This is lifted from Adrian’s blog:
ReadyMag has a demo zine edition online. While it has lots of funky effects, which will get pretty boring pretty quickly, it is offering itself as a simple to use zine publishing system. There are a slew of these services appearing, which is very exciting. What is good here is that individuals look like they’ll get a simple, high quality way to put together stuff that works online, looks good, and takes advantage of the computer to support a variety of media. Has some tools to share the bits you like, start a conversation, and even curate your own collection of bits that matter. Let’s call this generation one of the new generation of media making services, along with the Qwiki’s ‘create a qwiki’ editor, and even things like Storify and Cowbird.
These represent a significant transition. The first moments online was being able to talk with each other (message boards, email, some FTP). So simple connectivity into temporally and geographically dispersed communities (1). Then came the web and self publishing of things for each other and the link (2). This meant search became a problem to solve, which Google did pretty well. Next was community building via the web, where community was pretty much any group with a common interest. This was kickstarted by blogging, where small scale (what industry might call ‘niche’) could not only survive, but prosper (cue ‘long tail’, etc). Blogging was a move that turned the network into the site/practice of making rather than make over here on my PC and publish over there on the web (3). Then we saw the rise of services, the tentative beginnings of what is now sort of social media (though that’s a misnomer since it’s always been social and there are big differences between, say, Facebook and Twitter at every level you bother to think of). Flickr, for instance, allowing people to not just save and store photos but to curate, share and tag them. This is the beginning of what I think of as web as a site of ‘affect engines’, which are basically big systems to allow people to find forms of unexpected value from their ability to contribute, find, and curate (4). (Of course the company wants this value to be pretty simply realised as $ through either subscription or advertising or both, which in themselves don’t seem to be game changers really.) These are aggregation sites, and their scale is intimidating (YouTube, FaceBook). But here you still generally make, salvage, glean media from outside the network, aggregate it in one of those soft silos (they all have APIs but they remain centralised systems) to publish it into the flow. Now we see the rise of services that, like blogging, let the network be the site of the making (5). You can of course pull in new media, for example add a photo or video of your own, but they’re also just as happy to pull in something from YouTube, Flickr, Wikipedia or a blog. Here the internet is the source and destination media.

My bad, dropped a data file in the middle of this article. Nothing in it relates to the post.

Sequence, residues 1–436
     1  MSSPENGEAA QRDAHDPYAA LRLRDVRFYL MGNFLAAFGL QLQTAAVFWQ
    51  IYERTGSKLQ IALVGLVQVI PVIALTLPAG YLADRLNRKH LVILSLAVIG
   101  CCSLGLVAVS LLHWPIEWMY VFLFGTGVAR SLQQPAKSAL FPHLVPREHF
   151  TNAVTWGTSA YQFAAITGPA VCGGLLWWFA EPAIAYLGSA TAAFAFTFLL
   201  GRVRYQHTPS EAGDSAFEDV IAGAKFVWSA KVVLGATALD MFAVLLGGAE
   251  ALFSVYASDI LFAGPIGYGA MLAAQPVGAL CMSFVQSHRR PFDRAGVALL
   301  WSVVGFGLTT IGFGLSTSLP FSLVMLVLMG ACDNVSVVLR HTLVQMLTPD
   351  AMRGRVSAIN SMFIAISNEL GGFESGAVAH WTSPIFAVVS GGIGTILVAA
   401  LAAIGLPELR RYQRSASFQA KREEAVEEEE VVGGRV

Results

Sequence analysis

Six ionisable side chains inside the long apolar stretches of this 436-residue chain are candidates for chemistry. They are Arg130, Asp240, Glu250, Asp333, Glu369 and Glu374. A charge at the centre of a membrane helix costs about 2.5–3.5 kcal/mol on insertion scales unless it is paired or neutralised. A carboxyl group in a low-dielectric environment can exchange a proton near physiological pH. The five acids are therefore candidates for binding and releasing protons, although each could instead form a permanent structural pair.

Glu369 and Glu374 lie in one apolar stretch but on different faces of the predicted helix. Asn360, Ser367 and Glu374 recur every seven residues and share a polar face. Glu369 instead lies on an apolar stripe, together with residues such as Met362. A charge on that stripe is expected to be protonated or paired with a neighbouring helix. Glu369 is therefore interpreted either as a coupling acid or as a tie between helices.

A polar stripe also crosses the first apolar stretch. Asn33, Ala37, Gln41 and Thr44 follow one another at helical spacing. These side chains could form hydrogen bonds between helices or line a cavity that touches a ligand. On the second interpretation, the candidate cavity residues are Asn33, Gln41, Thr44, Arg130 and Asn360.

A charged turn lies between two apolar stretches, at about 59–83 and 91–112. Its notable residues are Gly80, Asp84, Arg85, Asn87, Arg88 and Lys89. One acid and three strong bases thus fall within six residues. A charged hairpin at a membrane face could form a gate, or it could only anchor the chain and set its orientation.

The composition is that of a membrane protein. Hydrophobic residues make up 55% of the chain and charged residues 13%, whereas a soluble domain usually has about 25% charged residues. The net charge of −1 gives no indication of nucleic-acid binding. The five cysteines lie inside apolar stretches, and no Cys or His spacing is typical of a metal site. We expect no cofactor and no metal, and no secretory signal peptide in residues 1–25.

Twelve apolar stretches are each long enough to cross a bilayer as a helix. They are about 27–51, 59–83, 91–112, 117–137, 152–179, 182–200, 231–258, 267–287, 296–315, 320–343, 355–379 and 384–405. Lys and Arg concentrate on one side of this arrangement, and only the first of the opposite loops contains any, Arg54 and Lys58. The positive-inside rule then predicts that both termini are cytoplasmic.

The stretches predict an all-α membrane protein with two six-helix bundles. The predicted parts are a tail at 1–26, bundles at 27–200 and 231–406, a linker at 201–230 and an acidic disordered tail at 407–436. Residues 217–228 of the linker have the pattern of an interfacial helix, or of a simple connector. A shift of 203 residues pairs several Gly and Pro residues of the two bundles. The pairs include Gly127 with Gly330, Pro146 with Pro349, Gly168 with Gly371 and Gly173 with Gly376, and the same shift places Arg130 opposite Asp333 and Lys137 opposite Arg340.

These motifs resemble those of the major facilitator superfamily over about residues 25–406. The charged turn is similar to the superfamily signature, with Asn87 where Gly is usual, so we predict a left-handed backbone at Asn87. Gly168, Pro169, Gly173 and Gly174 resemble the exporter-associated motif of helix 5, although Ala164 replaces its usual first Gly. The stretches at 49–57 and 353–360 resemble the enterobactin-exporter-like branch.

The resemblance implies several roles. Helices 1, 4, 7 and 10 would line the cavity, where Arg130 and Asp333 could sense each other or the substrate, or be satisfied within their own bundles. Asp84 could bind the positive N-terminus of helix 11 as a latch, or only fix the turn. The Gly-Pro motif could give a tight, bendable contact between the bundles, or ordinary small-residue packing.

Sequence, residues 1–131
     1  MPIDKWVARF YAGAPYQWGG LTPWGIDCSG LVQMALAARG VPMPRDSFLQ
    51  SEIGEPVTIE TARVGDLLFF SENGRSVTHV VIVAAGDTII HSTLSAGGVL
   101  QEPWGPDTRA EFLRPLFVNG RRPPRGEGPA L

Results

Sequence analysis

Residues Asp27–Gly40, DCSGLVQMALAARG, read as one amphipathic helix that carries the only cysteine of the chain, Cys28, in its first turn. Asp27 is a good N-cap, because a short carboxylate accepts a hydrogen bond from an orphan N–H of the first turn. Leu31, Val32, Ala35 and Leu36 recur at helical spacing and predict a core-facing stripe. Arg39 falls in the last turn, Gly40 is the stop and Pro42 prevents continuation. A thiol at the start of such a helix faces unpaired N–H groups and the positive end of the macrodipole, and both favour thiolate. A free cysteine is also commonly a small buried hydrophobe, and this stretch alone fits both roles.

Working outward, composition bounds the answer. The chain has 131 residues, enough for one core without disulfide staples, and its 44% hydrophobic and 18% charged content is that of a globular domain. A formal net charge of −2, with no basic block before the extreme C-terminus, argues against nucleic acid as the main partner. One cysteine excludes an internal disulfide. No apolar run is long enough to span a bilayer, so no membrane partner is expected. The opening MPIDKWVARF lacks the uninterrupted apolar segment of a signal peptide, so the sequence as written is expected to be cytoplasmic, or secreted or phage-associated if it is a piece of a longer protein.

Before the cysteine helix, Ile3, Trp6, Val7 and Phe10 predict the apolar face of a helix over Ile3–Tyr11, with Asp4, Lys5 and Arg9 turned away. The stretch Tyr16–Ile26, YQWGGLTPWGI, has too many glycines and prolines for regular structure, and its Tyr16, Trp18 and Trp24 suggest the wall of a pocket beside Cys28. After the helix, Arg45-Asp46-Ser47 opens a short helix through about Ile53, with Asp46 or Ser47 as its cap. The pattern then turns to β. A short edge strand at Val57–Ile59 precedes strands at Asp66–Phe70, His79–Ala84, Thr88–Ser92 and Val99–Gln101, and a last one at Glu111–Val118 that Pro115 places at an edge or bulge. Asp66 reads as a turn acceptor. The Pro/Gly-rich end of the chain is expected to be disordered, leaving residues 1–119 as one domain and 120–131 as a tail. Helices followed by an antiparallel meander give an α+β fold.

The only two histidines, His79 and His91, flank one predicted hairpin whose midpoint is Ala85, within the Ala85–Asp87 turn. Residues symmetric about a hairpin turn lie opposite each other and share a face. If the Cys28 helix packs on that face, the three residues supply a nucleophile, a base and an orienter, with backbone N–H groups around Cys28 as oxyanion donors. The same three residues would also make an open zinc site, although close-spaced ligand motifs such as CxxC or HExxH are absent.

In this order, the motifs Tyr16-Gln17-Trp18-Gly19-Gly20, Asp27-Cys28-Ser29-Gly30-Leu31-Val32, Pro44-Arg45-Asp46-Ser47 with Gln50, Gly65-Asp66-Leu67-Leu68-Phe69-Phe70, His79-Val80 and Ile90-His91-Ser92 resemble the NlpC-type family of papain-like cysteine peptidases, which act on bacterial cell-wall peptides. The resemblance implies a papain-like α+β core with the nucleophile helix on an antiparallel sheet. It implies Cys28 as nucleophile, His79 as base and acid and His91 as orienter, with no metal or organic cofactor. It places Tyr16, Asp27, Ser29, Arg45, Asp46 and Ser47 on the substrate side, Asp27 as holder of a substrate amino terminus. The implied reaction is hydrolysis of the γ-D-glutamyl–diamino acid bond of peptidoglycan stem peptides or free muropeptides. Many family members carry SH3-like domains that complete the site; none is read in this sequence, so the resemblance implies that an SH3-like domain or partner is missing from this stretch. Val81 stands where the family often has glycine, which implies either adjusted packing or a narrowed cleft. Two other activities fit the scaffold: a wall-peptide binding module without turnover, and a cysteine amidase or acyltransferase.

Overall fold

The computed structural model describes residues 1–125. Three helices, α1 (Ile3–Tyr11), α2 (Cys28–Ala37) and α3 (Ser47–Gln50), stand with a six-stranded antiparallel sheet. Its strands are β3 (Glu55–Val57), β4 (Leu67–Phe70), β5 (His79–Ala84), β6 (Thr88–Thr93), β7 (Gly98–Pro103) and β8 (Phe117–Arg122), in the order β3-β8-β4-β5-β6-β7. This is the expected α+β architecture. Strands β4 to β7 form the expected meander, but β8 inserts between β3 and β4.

These networked collage/curation narrative practices, regardless of their ‘business model’, are the current ‘narrational turn’ online, so what we find to make with them is I think the problem du jour. Is this the opportunity to make the same, only ‘different’, or in the flood of minor moments that something like Cowbird has, are new things emerging?
For a performative archive (and that does deliberately echo Austin) like that being researched within this project these questions matter. Simply, the web has moved past publishing and searching (discovery) and so the experiential value proposition (there’s a slogan for you) – apart from punters who want to see a show again, or niche users already invested in circus – revolves around “what can I do with what I find?”, rather than “what can I find?”.